In both the “Fragment” and The Vampyre, a connotative linkage between space, desire and knowledge is put into play when the protagonist’s sexual-epistemological quest is allegorically enacted through a journey of spatial discovery. In the “Fragment” the two men travel into strange marginal places “hitherto not much frequented” (246), and this journey is posited as a means by which the narrator hopes to learn more about his object. Darvell is a mystery, but one thing is known for sure, and that is that he has “already travelled extensively” (267). Recognizing his own desire to travel in the other man’s experience, the narrator admits, “It was my secret wish that he might be prevailed upon to accompany me” (248). Along a “wild and tenantless track through the marshes and defiles,” they travel past “the roofless walls of expelled Christianity, and the still more recent, but complete desolation of abandoned mosques” (249). If the narrative can be read as a “homosexual” allegory, it can also be said to present a sexual textuality at the level of space, drawing, as it does, upon the rhetorical production of desire between men as marginal and expelled from the mores of religion and society. At times it could be said that the “Fragment” and The Vampyre cultivate what David Greven has called a “winking rhetoric” through “coded and specific lexical devices” whereby queer content is potentially communicated to certain readers “in the know” (4). Ultimately, the road in the “Fragment” leads to an abandoned “city of the dead” (249), and insofar as sex between men has long been representationally linked to death, this space also encodes a certain queer meaning. After all, in a period when the death penalty for sodomy was “most rigorously enforced” in England, where else should such a journey end but in a cemetery (Crompton 14)? Less subtle about the general sexual implications of male travel, The Vampyre represents the Grand Tour as a rite of passage which “for many generations had been thought necessary to enable the young to take some rapid steps in the career of vice” (5). The Grand Tour can perhaps be conceptualized as what Foucault terms a “crisis heterotopia,” an “other” space, or “place without a place” in which a young man’s initiation into “the world,” and by implication sexual activity, can take place because it cannot occur at home (“Of Other Spaces” 24). Like all such spaces, this heterotopia tells us something about the culture that has made it a necessity. Polidori is characteristically vague about the nature of the “vice” to which Aubrey will be introduced, but during a period in which “Greek love” was a common euphemism for sex between men, it does not seem surprising that they eventually travel into Greece (See Crompton 11). In this most homosexually symbolic of spaces, Aubrey finds himself strangely bound to Ruthven at the same time as their relationship begins to deteriorate into murderous hostility. In a text produced at a time when particularly violent, paranoid homophobic discourses were being widely disseminated, the deviant Lord Ruthven dies and is buried, appropriately, in Greek soil from which he will return to torment Aubrey with his own unspeakable fears.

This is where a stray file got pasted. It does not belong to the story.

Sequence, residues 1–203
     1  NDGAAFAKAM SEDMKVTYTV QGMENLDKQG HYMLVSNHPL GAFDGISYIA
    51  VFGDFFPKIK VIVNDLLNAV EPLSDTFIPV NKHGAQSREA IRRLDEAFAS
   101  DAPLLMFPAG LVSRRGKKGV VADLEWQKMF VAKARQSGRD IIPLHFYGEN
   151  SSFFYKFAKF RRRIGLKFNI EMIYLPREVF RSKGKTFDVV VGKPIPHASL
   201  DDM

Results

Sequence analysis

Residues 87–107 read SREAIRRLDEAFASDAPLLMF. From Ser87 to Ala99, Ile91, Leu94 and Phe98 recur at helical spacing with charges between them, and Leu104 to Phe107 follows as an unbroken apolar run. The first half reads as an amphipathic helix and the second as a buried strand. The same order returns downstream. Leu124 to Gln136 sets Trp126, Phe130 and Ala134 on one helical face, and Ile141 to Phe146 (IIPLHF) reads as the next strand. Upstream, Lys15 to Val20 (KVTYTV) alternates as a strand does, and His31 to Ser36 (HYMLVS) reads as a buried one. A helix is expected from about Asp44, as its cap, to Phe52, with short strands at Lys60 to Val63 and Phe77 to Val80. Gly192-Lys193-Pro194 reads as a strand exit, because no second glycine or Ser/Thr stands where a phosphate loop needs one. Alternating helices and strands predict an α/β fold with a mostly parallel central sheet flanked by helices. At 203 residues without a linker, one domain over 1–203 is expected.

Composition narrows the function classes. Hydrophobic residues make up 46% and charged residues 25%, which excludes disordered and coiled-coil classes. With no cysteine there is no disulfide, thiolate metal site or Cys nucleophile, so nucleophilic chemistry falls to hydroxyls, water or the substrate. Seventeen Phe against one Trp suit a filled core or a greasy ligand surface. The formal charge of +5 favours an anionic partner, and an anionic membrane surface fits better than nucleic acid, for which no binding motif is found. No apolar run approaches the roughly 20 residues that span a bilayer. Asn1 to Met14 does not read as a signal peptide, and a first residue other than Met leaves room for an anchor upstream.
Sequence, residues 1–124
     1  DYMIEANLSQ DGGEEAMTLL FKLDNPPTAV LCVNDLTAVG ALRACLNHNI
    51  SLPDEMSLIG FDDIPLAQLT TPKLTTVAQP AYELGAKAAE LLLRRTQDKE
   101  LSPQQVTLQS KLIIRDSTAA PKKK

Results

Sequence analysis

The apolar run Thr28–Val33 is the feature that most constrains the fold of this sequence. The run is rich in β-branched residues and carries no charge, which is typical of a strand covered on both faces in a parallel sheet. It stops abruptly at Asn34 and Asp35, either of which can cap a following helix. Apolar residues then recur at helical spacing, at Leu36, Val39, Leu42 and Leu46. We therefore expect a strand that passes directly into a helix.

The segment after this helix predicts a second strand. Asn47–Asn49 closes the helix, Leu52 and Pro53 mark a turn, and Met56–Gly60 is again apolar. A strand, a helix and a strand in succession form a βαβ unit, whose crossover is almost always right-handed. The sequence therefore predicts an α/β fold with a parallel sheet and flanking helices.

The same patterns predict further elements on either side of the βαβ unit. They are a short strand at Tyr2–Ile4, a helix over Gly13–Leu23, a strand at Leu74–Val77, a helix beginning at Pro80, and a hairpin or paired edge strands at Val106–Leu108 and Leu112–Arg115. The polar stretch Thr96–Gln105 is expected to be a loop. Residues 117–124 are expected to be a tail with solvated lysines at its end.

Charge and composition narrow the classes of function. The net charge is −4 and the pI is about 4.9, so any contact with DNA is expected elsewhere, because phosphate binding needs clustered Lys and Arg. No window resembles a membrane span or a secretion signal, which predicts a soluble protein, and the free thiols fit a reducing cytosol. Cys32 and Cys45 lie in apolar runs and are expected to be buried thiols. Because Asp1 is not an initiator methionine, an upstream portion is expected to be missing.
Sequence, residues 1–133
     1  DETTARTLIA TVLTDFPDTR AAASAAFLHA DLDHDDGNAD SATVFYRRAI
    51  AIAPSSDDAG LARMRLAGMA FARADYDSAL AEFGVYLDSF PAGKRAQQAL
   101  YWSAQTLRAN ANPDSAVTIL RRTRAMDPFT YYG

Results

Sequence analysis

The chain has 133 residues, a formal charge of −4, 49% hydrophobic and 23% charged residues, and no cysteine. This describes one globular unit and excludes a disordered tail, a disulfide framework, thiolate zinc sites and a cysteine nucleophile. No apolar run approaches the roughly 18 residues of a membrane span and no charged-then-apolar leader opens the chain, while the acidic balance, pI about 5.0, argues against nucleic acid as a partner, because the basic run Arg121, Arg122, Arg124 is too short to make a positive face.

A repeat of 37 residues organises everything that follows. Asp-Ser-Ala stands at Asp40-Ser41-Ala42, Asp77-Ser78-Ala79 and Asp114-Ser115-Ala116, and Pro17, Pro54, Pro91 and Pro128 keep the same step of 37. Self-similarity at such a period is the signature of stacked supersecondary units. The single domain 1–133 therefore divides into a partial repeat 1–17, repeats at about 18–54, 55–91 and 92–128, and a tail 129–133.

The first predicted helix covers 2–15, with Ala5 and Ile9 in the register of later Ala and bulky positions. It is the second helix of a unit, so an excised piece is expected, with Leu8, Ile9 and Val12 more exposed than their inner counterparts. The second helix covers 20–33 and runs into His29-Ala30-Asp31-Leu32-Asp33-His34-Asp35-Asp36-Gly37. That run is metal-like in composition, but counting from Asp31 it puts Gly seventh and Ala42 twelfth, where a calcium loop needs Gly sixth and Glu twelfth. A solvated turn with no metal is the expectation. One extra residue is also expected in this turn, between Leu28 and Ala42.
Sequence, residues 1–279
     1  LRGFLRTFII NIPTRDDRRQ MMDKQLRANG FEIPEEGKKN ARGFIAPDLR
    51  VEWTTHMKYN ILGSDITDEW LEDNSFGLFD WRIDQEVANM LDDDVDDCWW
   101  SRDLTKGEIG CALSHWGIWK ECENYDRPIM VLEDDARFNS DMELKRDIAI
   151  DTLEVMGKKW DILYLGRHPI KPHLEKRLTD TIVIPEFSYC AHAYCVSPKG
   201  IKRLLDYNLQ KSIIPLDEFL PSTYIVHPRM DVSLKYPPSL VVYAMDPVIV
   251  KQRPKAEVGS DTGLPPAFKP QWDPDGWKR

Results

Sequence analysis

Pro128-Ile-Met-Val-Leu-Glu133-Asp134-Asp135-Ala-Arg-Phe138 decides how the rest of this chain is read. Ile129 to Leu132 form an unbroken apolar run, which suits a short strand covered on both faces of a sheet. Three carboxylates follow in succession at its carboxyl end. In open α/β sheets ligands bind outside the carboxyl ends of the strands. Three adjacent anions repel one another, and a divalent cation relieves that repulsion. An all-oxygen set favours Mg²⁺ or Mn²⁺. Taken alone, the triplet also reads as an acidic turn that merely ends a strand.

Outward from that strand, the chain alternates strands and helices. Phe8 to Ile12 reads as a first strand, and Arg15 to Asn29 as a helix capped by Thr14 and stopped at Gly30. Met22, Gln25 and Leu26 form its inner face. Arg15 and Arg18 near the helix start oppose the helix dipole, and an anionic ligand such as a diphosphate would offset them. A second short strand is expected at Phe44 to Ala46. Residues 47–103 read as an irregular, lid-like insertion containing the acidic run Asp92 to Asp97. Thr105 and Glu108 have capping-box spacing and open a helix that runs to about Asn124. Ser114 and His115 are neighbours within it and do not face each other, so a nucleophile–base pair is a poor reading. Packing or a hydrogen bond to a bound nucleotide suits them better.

The Vampyre can easily be read as illustrating a sustained case study in “homosexual panic”: the hatred and distrust resulting when men suspect themselves, or each other, of homosexual intentions (MacGavran 48). In a culture in which homophobia is wielded as a “mechanism of domination” over the entire spectrum of homosocial male bonds, the power to turn Aubrey’s unacknowledged homosexual panic against himself and to effectively dominate him through his own fears is readily available to Ruthven. The code appears to break when Ruthven is revealed to Aubrey as a seducer of women, but although he is undoubtedly a danger to heterosexual order, he proves equally adept in manipulating homosocial culture. Boone has also perceived Ruthven as a figure “Perfectly able to negotiate dangerously intimate relations with men” (361). Perhaps one of the most alarming aspects of his power is precisely the fact that he is not subject to homophobic, homosocial culture; rather he knows how to manipulate and wield its power over other men. Aubrey is confused and suspicious when Ruthven nurses him through an illness, and in spatial terms the close physical proximity implied by his “tender care” (14) further suggests a sexualized relationship. Aubrey’s paranoia is fuelled when he finds Ruthven’s gaze “fixed intently upon him with a smile of malicious exultation playing upon his lips; he knew not why, but this smile haunted him” (13). The malicious “smile” suggests Ruthven has a superior awareness of what it is that truly haunts Aubrey, but which he cannot articulate, because in Judith Butler’s words, it is “proscribed from the start” (25).